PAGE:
Typically, we recommend starting with the uncertainties that focus on desirability. This is because if customers do not find value in what you are hoping to deliver, it does not matter if your company can produce it or make money on it, because customers will not buy.
However, when dealing with new technology, sometimes the most critical uncertainty is does it work? If this is the case, find ways to build the minimum amount possible to prove out whether or not something works as promised. If at all possible, find ways to test new technologies directly with customers (or whoever the end users might be.) This way you can test the technology while simultaneously capturing important user feedback. This approach can also help avoid the 'solution in search of a problem' problem.
4. Establish Benchmarks for Success
Before launching your pilot, work with key stakeholders in the project to define how you will measure success. Keep in mind that these milestones might not be related to your corporation's overall profitability. Intrapreneurship involves a process of interconnected successes and failures — in the case of your pilot, as long as there are lessons learned, a failure should be considered a success. For example, if you partner with a startup to pilot a new app and it turns out the app does not fit your customers' needs, think of all the resources you save by learning this information through a small experiment leveraging existing technology compared to investing in building a full product, only to find no one wants it. You'll find the amount of time and money saved to be substantial.
Instead of looking at top-line business outcomes, focus on what constitutes a successful working relationship, like the speed of new product development or how much time it takes to learn something new. A pilot is meant to test the efficiency of your working relationship and to test drive what a technology implementation and relationship might be like.
5. Build Up a Body of Evidence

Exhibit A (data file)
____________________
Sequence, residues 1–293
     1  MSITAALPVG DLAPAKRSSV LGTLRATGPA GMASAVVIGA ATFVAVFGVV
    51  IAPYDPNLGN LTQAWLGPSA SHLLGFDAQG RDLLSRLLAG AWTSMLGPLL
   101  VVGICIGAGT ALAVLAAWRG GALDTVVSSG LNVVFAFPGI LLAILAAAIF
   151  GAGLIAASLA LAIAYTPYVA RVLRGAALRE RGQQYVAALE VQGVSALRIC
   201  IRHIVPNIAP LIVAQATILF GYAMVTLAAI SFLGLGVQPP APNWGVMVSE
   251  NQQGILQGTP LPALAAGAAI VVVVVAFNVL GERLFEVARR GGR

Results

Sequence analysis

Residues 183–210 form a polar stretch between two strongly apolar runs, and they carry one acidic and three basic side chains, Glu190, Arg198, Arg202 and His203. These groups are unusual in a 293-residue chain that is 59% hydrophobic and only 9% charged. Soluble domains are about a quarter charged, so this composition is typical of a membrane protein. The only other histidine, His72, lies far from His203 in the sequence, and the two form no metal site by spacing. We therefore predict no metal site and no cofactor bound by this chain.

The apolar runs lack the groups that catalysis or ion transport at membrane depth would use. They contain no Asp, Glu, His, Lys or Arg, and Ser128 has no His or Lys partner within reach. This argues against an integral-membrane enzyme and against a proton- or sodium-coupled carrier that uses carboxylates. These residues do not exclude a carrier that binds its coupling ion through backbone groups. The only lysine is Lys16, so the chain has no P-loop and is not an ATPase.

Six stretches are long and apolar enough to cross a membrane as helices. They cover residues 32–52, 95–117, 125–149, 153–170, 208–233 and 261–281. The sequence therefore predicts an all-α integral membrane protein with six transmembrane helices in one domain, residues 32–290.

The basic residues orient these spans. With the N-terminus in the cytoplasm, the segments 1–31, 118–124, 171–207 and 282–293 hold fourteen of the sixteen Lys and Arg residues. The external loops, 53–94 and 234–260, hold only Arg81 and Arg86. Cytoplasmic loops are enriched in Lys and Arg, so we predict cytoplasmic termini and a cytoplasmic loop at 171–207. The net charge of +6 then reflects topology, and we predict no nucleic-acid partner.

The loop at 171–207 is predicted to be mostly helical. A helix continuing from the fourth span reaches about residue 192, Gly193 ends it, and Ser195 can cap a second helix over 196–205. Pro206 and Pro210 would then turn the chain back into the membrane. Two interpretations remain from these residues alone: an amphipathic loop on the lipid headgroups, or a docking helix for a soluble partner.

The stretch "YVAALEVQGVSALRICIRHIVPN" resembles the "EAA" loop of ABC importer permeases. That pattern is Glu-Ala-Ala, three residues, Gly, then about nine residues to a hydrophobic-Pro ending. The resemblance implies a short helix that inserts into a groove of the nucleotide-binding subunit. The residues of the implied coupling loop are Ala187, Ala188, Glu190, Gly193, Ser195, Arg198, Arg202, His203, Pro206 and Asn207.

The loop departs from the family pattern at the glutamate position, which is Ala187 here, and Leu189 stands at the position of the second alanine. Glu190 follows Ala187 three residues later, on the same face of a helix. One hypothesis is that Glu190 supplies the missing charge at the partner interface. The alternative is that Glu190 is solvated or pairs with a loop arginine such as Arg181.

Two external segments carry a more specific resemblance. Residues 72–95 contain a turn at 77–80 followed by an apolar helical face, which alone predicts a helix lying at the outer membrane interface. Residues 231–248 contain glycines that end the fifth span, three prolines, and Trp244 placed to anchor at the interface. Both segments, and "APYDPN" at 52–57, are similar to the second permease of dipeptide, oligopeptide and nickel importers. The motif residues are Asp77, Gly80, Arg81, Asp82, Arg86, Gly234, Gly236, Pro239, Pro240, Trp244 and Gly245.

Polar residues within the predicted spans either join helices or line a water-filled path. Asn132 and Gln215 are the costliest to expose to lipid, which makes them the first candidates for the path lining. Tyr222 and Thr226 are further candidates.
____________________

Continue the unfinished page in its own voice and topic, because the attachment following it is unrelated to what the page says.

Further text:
If a picture is worth one thousand words, a prototype is worth a novel. Customers often say one thing but behave differently. Because of this, creating a prototype of a product or service and getting actual customer behavioral data is much more valuable than a survey or even an interview (ie. Did a customer buy a new product? Did he/she sign up to be notified when something is available?) Answering questions like these with hard facts will equip you to tell a much more powerful story of why it makes sense to invest in developing something new.
As an added benefit, seeing a working product, or even a close approximation, will generate much more excitement and interest from key stakeholders. A prototype provides a much clearer idea of what something is and could be compared to simply seeing 2D renderings and a surrounding deck.
These are 5 important principles to keep in mind for creating successful pilots between corporations and startups. Another important one is to constantly keep your eyes and mind open to possibility.
When attending demo days, meetups and conferences, look for startups that align with your organization on values and product direction, as well as those addressing key needs of your customers. This sets the right foundation for a smooth partnership implementation. Even if a partnership doesn't result in a deeper level of engagement, investment or an acquisition, the learnings that both corporates and startups gain from working together are invaluable. Startups benefit from the wisdom and sophisticated infrastructure of corporations. Corporate partners benefit from the startup's fresh approach, innovative thinking and cutting edge technology. There's no better way to disrupt and advance your industry from within than conducting numerous pilots in order to find those that can lead to lasting partnerships with startups, and ultimately, add meaningful value to your customers.
Looking to launch a pilot series of pilots - with a startup to expand your corporate innovation efforts? Learn more about our Startup Engagement Program and how we help corporations work with startups around the world.